Church Denominations - Beliefs of Christian Church
The Origins of Christianity | History Today
Just as Constantine refused to fully embrace the Christian faith, but continued many of his pagan beliefs and practices, so the Christian church that Constantine promoted was a mixture of true Christianity and Roman paganism.
Constantine found that, with the Roman Empire being so vast, expansive, and diverse, not everyone would agree to forsake his or her religious beliefs to embrace Christianity.
WEEK 7 CHRISTIANITY Cosmogony - Origin of the Universe ..
A henotheist is one who believes in the existence of many gods, but focuses primarily on one particular god or considers one particular god supreme over the other gods.
Statements/Beliefs – Wesleyan Covenant Association
Christianity comes in many forms, with such different sects as the politically minded Liberation Theologists, the evangelical southern Baptists, and the conservative Calvinists. Yet they all center on the immutable belief in Jesus Christ as the messiah; a belief based upon the Jewish Bible and conception of God. This section will explore Christian beliefs, practices and history.
Cultural Diffusion of Christianity by Cassidy Anderson …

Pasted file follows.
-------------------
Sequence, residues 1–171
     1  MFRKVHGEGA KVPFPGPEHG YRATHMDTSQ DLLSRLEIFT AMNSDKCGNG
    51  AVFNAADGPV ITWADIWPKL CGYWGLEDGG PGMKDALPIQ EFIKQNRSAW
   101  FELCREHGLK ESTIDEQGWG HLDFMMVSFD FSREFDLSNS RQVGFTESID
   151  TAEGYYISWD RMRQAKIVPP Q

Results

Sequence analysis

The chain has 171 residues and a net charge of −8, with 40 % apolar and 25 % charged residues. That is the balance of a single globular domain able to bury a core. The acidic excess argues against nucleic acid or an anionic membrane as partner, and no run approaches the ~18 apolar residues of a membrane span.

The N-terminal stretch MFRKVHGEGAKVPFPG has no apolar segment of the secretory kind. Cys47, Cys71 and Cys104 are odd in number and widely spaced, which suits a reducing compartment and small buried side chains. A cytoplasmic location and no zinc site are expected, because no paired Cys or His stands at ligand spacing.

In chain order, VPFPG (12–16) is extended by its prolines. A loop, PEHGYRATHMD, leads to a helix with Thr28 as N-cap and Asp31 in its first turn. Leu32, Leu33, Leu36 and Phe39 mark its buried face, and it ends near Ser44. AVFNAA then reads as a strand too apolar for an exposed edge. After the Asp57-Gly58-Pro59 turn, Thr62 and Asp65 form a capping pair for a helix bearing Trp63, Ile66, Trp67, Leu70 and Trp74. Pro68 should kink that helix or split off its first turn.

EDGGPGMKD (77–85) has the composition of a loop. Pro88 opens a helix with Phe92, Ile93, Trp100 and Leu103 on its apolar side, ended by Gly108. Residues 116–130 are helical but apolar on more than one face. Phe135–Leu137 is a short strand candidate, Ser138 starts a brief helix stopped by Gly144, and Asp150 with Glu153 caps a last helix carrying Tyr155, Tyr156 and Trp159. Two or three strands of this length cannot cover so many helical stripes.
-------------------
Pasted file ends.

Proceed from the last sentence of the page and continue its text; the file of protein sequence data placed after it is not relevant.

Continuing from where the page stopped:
Religion, or more appropriately religions, are cultural phenomena comprised of social institutions, traditions of practice, literatures, sacred texts and stories, and sacred places that identify and convey an understanding of ultimate meaning. Religions are very diverse. While it is common for religions to identify the ultimate with a deity (like the western monotheisms – Judaism, Christianity, Islam) or deities, not all do. There are non-theistic religions, like Buddhism.
Cultural Diffusion of Christianity How does it occur
Individuals who prefer a separation approach hold that science and religion use different languages, ask different questions and have different objects of interest (e.g., nature for science and God for religion). By highlighting the differences between science and religion, conflict is avoided. While this approach allows a person to explore what science has learned about human origins without fear of conflict with religious beliefs, it also encourages that the science be left, so to speak, at the museum threshold so that it has no impact on other non-scientific explorations of what it means to be human. A consequence of separation is that the science of human origins can be viewed as irrelevant to what might be the deepest of human concerns.